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Browsing by Subject "geenit"

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  • Virtanen, Suvi (2016)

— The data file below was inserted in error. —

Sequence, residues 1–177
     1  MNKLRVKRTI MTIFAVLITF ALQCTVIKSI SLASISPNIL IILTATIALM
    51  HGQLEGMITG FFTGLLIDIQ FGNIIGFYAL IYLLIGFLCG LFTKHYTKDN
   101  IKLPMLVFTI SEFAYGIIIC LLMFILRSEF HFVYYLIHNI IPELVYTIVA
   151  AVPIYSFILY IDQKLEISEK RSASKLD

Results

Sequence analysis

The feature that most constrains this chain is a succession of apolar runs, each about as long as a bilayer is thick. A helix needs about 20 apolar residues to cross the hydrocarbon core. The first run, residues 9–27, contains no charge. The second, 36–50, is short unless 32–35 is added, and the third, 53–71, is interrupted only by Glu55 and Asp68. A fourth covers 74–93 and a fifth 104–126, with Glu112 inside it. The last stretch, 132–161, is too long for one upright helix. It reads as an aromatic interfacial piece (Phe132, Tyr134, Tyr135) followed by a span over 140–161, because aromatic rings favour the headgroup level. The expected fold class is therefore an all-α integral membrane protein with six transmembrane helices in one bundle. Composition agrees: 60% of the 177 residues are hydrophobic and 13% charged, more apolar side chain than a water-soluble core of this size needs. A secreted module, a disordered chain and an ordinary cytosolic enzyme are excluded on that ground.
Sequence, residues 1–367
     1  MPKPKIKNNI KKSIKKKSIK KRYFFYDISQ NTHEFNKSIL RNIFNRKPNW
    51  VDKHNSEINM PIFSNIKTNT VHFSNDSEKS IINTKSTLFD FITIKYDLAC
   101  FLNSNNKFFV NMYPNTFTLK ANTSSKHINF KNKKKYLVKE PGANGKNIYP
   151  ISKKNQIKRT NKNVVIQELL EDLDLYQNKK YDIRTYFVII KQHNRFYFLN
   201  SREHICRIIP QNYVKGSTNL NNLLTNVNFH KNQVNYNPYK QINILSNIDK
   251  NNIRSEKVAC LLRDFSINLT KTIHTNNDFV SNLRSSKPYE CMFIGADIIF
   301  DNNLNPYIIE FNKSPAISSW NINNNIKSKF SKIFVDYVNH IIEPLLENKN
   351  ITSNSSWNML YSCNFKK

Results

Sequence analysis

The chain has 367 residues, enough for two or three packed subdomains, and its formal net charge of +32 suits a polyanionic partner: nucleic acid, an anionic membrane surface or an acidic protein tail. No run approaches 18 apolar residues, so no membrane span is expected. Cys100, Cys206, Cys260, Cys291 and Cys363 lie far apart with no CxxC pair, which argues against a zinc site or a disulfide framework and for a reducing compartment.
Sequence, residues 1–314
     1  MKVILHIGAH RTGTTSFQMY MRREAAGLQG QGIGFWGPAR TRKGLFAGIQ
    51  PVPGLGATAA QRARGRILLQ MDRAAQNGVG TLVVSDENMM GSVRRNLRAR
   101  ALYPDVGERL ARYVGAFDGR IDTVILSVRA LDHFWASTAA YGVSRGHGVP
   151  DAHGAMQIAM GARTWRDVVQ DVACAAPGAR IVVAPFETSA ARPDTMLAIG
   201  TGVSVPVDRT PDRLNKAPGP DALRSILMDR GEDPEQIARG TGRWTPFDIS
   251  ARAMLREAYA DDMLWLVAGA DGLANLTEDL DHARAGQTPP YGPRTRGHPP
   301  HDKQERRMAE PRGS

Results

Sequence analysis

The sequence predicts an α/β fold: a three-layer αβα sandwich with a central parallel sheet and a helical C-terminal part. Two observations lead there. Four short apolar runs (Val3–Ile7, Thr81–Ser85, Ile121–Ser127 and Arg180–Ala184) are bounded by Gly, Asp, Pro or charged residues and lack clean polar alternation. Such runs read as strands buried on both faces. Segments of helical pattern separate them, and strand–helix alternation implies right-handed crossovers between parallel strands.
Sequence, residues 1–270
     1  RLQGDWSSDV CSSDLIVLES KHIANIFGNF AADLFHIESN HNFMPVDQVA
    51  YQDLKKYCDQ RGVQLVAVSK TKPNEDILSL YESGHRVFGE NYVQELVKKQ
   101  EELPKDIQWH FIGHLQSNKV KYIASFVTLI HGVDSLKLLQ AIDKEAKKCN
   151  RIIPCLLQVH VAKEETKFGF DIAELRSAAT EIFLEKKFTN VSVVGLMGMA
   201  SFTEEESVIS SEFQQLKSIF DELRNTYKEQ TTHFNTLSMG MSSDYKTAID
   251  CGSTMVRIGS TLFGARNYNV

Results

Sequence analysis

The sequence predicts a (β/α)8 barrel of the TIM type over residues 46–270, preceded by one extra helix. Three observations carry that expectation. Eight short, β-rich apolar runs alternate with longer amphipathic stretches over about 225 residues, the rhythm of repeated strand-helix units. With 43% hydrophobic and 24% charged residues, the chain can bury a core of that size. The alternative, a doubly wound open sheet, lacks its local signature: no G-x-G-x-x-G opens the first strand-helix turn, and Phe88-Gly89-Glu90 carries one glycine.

Depression is a psychiatric disorder composed of several clusters of symptoms, which do not necessarily reflect common pathways of pathophysiological processes. Thus, a new conceptualization of depression has been proposed, which suggests that depression should be dissected to its key components instead of treating it as one homogeneous concept. Personality trait neuroticism is a risk factor that is consistently linked with depression. Several models have been suggested for the association between neuroticism and depression. One of them is a so-called common cause -model, which assumes that a shared etiology explains the co-occurrence of the two. Research from twin studies supports this notion, as neuroticism and depression have been found to share a large proportion of their genetic basis. However, earlier research has examined depression as a composite concept, and there are no studies to date which would have examined the shared genetic basis of specific symptoms of depression in relation with neuroticism. This study tests the common cause -model by estimating, whether the same genetic and environmental components are relevant in explaining the covariation between neuroticism and specific symptoms of depression. The data used in this study was from the Swedish Adoption/Twin Study (n = 1515, av. age = 62.0). Depression was measured with The Center for Epidemiological Studies - Depression Scale (CES-D), and separate analyses were conducted for three factors: somatic complaints, (lack of) positive affect and depressed affect. The results showed that all of the depressive symptoms shared the same genetic and environmental components when modeling the association with neuroticism, which supports the common cause -model. Over a half of the phenotypic correlation was explained by genetic influences between neuroticism and somatic complaints, as well as neuroticism and positive affect. Half of the co-variation between neuroticism and depressed affect was due to genetic influences. Findings of the current study suggest, that genetic and individual specific environmental influences are important in explaining the relationship in all of the symptoms. For future endeavors, it is suggested to search for concrete risk factors and neurobiological endophenotypes that are shared between specific symptoms and neuroticism. While the use of composite concept of depression was supported in this study, the research question has not been yet examined in molecular genetic studies. A twin model can only differentiate sources of variation, not concrete risk factors. Thus, the results presented here only apply in the context of twin modeling. Also, the robustness of the results should be tested by replicating the results among younger samples.